As for what's changed over the years?
"It's just new faces," Stockbridge says.
Today, customers and employees explain there are several different groups that frequent the bar.
"There's three different shifts to this drinkin' factory," Ruthie said.
First there is the early shift, with typically retired men and war veterans, or "cranky old bastards" as one customer put it. Evidence of a strong vet following hangs on the wall in the form of a sticker that reads, "Give war a chance."
Then comes the cocktail crowd around 3 p.m., mostly hardworking blue collar guys celebrating the end of a workday. This is a jeans and T-shirts, Budweiser type of pow wow.
After that, there's the night scene. Depending on the evening, this can be a complete transition. There are more singles, women and often young people home from college. There's more music. And more shots.
On this particular Tuesday afternoon, however, there was hardly a raucous word in the room. A few jokes bounced back and forth. Beers were sipped. Some sort of sports game was on T.V.
Between a frequent "What-can-I get-you-honey?" from Ruthie, the conversation turned to the tepid subject of wood staining, when one regular summed up why patrons adore the bar so much.
"Everybody knows everybody," regular John Musante said. Then a pause. "This place is special."
Seems some of the wisecracking straight-talkers had a soft side after all - at least when it came to reminiscing about their favorite neighborhood watering hole.
A fabled past
If there's one thing Elliott's has, it's a past. And, oh, the stories.
The bar was originally called Lawless Saloon and was bought by Hiram Elliott, a horse jockey, in 1907. Back then, it was called Eagle Bar and was on Front Street until it moved to Hartz Avenue around 1915.
"Hiram did buy land there from his father-in-law John Hartz. It's altogether possible that the elder Hartz helped him get those properties," said Beverly Lane, a San Ramon Valley historian.
After Hiram passed away, Elliott's was supervised by his widow Tillie. Her sons Duane and Gordon worked seven days a week behind the bar.
Rumor has it, Tillie was a stickler. She lived in a house that would now be behind Primo's restaurant and, before development in Danville, she could see the saloon from her doorstep. If Duane and Gordon turned off the lights of the bar too soon "she'd either be on the phone or down here" to make sure they didn't close early, current owner Dale Stockbridge said.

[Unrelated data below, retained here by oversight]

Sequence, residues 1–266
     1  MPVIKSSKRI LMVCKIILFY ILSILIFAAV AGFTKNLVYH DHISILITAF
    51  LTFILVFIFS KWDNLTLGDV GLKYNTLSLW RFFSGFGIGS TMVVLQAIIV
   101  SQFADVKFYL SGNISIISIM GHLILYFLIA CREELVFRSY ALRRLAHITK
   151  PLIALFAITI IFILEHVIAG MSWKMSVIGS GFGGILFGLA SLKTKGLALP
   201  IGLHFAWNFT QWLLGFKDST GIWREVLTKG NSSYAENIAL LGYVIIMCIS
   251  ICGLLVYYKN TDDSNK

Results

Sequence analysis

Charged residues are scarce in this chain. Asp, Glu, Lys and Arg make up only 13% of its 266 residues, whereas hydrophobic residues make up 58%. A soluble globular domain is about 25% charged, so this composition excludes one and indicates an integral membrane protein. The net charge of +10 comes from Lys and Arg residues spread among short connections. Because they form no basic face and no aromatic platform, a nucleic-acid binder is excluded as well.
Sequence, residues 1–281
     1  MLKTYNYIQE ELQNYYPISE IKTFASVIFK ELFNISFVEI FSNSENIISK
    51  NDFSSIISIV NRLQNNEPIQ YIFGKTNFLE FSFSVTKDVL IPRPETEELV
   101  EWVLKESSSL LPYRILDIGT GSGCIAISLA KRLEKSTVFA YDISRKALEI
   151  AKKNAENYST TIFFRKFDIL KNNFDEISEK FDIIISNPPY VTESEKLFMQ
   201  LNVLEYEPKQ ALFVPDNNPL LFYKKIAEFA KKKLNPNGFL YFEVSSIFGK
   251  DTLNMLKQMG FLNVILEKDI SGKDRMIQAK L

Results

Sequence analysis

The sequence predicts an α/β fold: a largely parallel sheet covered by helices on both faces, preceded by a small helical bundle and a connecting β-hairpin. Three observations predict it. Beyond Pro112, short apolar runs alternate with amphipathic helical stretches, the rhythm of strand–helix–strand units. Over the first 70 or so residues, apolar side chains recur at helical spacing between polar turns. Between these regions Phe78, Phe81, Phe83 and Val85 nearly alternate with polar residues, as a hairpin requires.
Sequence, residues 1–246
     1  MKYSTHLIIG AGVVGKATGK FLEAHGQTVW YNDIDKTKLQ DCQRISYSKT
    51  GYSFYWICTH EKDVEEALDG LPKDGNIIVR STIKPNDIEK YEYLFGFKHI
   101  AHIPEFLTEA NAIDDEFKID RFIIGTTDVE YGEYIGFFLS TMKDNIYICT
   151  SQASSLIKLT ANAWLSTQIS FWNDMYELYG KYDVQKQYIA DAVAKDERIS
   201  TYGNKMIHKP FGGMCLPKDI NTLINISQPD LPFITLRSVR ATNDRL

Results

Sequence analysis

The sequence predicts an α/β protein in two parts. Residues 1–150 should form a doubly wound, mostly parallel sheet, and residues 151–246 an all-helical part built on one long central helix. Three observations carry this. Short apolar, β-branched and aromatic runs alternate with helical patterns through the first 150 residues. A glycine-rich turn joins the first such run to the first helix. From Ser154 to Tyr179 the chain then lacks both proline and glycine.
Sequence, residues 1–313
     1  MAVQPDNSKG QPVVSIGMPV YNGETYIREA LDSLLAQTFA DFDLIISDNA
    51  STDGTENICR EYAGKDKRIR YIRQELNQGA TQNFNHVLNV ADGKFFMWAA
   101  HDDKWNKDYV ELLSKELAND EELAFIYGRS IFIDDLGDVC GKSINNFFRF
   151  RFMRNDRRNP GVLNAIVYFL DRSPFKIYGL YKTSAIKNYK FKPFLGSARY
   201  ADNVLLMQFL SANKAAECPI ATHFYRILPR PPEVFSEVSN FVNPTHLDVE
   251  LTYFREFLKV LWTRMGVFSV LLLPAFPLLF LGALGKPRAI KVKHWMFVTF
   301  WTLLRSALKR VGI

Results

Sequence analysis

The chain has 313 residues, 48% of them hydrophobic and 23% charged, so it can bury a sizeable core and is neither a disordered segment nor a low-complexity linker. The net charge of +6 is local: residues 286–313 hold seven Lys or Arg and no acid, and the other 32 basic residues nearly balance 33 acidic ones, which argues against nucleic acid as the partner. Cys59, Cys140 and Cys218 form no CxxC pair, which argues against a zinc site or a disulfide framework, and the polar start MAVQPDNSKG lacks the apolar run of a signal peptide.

During prohibition, the family kept the business alive by turning it into an ice cream parlor, as opposed to selling liquor out the back as some saloons did.
In 1925, the bar was a popular spot for volunteer firefighters, as it was just a hop and a skip from the fire station on Hartz.
Over the years, Stockbridge has heard stories about this scene.
"The fire alarm would go off and the place would clear out. They would leave their drinks and their money at the bar and go fight the fire. When they came back, everything would be how they left it," he said.
Patrons used to ride their horses to the bar and one man was even arrested for trying to ride his horse drunk. Police took him away, but let the horse - who knew the route home - go free, Stockbridge said.
The Elliott family sold the bar to Vera Hutchison and Tony Clien, a former Oakland Raider, in early 1977, according to "Historical Persons and Places in the San Ramon Valley" by Virgie Jones. This was three months after the current owner started working there as a bartender. It was no surprise to see members of the football team hanging around Elliott's in the mid 1970s when the hours were extended from around 8 o'clock until 2 a.m.
Since then, the bar has picked up popularity, in part due to the extended hours and its transition into a popular nightlife meeting point for singles in the Valley.